technically computers too). These devices include Internet-enabled phones,
PDAs, and handhelds. In fact, there are already more such devices being
used today than there are PCs and the number of such devices is constantly
growing”both in the consumer world and in the business world. This is
especially relevant for portal developers. As an example, when large com-
panies decide to build and deploy a large employee portal that will cover
all Human Resource functions, the effect can only be achieved through very
high utilization levels by employees. This sometimes means that multiple
access channels need to be provided to the functionality deployed on the
portal.
The direct result of these two trends is the fact that developers of portals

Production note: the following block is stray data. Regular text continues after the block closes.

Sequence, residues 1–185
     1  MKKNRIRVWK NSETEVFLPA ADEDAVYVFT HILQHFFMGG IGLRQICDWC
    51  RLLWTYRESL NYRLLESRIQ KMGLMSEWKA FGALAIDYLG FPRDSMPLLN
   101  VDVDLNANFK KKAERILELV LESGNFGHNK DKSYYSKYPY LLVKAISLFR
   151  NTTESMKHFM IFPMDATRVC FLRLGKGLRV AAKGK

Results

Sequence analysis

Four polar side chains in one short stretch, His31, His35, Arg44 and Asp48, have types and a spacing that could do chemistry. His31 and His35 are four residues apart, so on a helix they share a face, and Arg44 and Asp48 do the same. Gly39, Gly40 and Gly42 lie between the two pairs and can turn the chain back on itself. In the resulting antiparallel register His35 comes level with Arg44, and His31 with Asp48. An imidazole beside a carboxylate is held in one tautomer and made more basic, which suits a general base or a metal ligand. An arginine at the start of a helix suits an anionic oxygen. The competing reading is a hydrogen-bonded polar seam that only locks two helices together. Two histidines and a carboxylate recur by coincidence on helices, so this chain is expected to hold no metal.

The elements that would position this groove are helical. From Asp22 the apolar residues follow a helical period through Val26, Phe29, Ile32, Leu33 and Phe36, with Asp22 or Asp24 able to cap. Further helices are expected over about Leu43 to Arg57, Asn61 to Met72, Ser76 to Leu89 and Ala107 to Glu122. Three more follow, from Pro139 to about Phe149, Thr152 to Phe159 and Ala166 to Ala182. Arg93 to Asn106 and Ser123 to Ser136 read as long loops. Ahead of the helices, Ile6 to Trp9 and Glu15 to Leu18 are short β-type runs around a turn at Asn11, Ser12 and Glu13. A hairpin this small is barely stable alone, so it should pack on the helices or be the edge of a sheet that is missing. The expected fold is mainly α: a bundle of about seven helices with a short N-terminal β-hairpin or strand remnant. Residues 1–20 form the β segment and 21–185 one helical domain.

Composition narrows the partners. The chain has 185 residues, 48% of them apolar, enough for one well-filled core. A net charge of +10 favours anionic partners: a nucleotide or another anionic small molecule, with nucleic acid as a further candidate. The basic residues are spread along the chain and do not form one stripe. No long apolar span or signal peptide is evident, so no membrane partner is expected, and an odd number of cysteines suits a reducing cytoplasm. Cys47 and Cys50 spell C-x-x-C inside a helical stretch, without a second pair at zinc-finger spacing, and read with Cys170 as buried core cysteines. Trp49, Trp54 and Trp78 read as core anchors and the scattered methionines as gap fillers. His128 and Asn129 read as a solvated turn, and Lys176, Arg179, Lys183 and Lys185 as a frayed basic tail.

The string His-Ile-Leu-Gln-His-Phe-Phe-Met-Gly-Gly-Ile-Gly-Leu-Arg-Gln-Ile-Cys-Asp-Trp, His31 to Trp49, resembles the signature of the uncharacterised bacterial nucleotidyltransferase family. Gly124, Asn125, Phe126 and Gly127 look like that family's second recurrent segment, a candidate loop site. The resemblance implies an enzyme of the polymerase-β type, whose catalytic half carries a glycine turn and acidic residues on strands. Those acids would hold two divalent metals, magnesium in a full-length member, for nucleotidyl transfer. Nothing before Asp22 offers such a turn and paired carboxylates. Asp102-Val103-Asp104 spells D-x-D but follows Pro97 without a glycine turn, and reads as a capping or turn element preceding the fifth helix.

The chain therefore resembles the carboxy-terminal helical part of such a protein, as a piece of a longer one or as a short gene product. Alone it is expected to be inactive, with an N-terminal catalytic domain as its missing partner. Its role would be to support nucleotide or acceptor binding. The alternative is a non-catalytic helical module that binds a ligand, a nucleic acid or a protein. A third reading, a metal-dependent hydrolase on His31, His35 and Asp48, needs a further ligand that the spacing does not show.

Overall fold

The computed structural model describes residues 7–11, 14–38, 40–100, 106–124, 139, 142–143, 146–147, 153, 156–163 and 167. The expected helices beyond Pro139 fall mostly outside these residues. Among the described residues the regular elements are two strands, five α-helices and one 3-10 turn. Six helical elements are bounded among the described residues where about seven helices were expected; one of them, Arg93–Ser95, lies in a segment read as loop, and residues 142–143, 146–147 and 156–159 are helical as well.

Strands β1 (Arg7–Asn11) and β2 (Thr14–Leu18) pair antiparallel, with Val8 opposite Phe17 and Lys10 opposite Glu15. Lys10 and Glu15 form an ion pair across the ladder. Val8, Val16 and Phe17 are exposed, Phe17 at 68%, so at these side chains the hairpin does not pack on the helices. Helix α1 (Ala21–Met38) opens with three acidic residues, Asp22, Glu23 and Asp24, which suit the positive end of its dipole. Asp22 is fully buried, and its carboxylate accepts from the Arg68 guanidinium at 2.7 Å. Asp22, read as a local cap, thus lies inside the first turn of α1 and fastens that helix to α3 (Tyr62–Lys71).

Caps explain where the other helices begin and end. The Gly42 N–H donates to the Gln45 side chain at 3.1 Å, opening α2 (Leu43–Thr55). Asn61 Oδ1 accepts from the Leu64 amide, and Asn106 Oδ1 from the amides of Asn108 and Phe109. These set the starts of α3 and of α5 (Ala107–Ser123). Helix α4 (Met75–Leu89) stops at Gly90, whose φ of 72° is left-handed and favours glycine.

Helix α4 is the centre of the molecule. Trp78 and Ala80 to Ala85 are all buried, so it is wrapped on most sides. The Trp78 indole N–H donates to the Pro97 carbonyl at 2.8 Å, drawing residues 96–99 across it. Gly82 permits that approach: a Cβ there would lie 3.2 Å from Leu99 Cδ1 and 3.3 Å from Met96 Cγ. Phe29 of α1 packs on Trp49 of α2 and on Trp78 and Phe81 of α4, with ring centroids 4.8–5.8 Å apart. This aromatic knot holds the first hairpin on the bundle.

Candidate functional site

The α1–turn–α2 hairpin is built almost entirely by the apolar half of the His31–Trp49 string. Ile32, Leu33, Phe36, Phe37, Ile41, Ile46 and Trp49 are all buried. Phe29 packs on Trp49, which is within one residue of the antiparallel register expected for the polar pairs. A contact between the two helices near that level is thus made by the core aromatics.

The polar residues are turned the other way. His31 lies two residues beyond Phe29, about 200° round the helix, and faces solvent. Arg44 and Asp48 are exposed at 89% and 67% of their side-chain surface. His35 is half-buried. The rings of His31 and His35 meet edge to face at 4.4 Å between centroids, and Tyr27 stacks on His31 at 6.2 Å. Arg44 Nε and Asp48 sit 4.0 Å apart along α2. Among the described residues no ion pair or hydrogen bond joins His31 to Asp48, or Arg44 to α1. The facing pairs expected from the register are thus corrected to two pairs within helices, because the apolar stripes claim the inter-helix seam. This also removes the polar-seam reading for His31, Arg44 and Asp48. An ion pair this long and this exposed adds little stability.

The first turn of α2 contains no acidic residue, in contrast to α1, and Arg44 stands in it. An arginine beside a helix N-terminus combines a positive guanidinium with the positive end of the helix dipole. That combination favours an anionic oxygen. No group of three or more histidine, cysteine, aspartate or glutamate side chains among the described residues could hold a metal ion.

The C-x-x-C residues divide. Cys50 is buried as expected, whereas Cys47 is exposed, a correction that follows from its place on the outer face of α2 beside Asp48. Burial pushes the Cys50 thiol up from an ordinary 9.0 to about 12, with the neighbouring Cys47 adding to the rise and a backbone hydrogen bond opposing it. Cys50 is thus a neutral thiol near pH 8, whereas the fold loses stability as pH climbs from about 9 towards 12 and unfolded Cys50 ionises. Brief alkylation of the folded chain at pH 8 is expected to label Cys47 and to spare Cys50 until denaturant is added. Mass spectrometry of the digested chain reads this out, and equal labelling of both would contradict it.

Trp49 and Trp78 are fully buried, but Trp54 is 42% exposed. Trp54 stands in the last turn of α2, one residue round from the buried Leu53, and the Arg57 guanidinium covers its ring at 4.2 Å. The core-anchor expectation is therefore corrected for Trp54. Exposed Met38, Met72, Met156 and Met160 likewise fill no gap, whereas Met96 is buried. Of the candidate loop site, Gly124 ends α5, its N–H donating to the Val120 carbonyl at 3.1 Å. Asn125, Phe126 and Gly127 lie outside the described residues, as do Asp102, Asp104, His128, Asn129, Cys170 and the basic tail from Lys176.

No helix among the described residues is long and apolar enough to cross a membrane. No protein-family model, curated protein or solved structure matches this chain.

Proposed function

and portlets need to address a wide variety of devices that can be used
to access content and applications. Different devices have different form
factors and different data-entry interfaces. A portlet that creates content
that looks good on a laptop may look awful on a mobile phone”in fact,
it will probably be unusable. In addition, different devices have data-entry
mechanisms. Phones should be used in a way that users are asked to select
among various options but should not be forced to key in large amounts of
information. Another example includes Symbol Technologies™ PDAs that
have a barcode reader”in which case data can be entered without any key-
ing in or graf¬ti-type typing (see Figure 24-1). Symbol has two such product
lines”one based on the Palm OS and one on the Pocket PC operating sys-
tem by Microsoft”both having a barcode scanner. If you have a job that
includes delivering packages, you can simply scan a barcode on a label that
is attached to the package rather than key in the number, thereby cutting
the delivery time as well as errors that will undoubtedly occur if you have